Political journalist Mark Halperin released a letter of apology Friday evening from his Twitter account following the bombshell sexual harassment allegations against him while he was employed with ABC News.
Halperin, 52, who left his positions at MSNBC and NBC following the allegations this week, wrote that he felt “profound guilt and responsibility” for his conduct.
“I am profoundly sorry for the pain and anguish I have caused by my past actions,” Halperin wrote. “I apologize sincerely to the women I mistreated.”
Halperin continued that he was aware he was “part of the problem” at ABC News and recognized that he “had a problem.”
“No one had sued me, no one had filed a human resources complaint against me, no colleague had confronted me. But I didn’t need a call from HR (human resources) to know that I was a selfish, immature person, who was behaving in a manner that had to stop,” Halperin wrote.
Halperin said he went to counseling to work on his issues and he did not engage in the same behavior while he was employed at Time, Bloomberg, NBC News and Showtime.
Halperin’s apology was released near the time CNN, which first published a report Wednesday detailing the sexual harassment allegations, came out with another article of four more women coming forward with new accusations, The Washington Post reported.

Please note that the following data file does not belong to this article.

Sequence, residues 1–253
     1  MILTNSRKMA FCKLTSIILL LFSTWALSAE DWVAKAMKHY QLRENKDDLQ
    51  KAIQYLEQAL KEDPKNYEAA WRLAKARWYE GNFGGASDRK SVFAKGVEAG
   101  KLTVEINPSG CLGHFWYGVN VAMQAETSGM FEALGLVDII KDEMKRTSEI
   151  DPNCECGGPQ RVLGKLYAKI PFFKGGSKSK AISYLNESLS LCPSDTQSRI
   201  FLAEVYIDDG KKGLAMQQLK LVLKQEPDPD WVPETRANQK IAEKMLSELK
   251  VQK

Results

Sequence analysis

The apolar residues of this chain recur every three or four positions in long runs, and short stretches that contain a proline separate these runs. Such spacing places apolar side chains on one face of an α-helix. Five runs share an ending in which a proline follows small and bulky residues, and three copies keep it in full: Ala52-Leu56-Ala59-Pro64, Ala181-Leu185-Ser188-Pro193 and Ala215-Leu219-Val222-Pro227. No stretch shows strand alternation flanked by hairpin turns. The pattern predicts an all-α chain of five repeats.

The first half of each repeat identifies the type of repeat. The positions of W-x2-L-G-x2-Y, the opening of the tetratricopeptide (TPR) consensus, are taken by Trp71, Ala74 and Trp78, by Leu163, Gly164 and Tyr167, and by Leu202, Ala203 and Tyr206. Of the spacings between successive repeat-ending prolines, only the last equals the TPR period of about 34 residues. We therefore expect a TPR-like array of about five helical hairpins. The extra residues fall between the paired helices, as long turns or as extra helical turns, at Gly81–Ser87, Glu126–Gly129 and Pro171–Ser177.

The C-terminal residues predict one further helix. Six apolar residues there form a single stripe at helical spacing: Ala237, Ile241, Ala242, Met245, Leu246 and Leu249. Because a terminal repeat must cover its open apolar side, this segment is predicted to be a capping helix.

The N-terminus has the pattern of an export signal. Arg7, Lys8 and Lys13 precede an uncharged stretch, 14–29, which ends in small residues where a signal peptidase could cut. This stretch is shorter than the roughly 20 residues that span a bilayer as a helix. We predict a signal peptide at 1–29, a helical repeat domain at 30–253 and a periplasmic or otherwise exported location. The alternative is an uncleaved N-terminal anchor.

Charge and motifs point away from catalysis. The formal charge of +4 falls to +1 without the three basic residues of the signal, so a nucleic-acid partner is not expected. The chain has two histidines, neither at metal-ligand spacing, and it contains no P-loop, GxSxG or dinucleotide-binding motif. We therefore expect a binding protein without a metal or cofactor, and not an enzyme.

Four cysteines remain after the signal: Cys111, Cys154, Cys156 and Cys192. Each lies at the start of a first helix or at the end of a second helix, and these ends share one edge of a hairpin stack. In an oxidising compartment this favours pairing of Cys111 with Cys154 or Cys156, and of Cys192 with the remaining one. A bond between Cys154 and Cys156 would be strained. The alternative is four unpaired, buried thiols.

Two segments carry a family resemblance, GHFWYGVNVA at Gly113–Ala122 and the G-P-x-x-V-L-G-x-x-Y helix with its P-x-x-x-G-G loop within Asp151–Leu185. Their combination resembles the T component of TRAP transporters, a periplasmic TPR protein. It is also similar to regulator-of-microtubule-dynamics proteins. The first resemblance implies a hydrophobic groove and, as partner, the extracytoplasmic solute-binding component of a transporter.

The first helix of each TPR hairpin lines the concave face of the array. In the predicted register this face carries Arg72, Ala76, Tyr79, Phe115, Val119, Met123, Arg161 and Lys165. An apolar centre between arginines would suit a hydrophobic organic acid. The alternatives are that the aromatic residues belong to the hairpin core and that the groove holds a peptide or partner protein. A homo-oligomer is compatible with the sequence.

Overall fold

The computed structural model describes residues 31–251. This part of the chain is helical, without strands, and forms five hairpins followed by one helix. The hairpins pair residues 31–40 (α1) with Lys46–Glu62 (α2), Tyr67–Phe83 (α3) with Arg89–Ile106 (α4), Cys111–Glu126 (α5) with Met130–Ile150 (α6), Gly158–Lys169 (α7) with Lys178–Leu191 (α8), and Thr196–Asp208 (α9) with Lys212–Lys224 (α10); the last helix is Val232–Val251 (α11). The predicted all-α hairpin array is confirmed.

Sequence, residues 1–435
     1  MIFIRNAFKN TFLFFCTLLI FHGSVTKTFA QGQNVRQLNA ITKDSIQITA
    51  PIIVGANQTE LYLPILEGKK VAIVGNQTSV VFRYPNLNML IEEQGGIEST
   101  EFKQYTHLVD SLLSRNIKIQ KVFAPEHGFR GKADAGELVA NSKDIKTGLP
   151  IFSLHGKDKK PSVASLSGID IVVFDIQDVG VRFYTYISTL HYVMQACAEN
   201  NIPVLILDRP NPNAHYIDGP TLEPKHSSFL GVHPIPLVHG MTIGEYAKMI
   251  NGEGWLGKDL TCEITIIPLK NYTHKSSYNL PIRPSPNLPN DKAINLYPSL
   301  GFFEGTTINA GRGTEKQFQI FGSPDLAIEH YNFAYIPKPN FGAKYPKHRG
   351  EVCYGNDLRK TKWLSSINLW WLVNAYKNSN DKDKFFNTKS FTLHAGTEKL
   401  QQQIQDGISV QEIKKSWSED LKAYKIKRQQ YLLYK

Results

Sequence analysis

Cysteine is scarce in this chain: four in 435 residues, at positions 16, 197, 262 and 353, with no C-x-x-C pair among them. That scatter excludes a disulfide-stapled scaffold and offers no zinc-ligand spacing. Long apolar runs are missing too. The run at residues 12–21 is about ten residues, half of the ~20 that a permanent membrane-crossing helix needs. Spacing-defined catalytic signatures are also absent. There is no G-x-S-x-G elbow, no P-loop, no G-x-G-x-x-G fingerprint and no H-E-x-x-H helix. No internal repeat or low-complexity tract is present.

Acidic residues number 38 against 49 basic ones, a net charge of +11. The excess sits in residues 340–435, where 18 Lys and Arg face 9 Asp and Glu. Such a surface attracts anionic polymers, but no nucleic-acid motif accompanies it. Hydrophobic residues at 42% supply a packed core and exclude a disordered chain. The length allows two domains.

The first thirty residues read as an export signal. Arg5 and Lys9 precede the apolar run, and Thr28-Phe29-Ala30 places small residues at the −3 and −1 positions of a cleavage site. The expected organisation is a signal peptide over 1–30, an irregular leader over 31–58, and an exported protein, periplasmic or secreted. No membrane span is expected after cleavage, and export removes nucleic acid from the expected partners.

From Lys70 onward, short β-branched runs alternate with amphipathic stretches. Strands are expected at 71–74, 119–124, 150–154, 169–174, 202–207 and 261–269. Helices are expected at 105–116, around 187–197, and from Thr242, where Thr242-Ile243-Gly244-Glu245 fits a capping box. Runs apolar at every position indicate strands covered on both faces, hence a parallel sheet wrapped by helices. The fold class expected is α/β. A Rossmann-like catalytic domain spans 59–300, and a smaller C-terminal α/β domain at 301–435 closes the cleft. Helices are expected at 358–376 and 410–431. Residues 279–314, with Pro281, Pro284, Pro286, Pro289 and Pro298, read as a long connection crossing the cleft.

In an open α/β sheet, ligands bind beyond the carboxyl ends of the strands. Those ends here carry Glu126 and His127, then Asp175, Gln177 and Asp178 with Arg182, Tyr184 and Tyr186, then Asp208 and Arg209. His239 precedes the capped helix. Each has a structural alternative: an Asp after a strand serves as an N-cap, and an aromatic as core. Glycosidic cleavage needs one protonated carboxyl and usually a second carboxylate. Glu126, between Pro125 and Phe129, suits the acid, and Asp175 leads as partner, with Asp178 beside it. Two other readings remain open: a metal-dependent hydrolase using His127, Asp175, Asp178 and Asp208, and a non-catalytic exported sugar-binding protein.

CNN reported one woman claimed Halperin masturbated in front of her while another woman said the “Game Change” co-author threw her against a restaurant window and threatened to derail her career after she rebuffed him.
Some of the allegations against him claim that, while working at ABC News, he grabbed a woman’s breasts without consent and pressed his clothed and erect penis against three of his co-workers.
Several employees suggested that his behavior was common knowledge, including former ABC correspondent Clarissa Ward who described it as “an open secret.”
Following the allegations, Penguin Press canceled a planned book by Halperin and John Heilemann about the 2016 election and HBO called off a miniseries that would have been based on the book. Halperin and Heilemann had collaborated on two previous books, including "Game Change," a best-seller about the 2008 race that almost single-handedly revived the campaign book genre and was the basis for an award-winning HBO adaptation.
Halperin joins the list of powerful men who have been accused of sexual misconduct in various industries in recent weeks.
The Associated Press contributed to this report.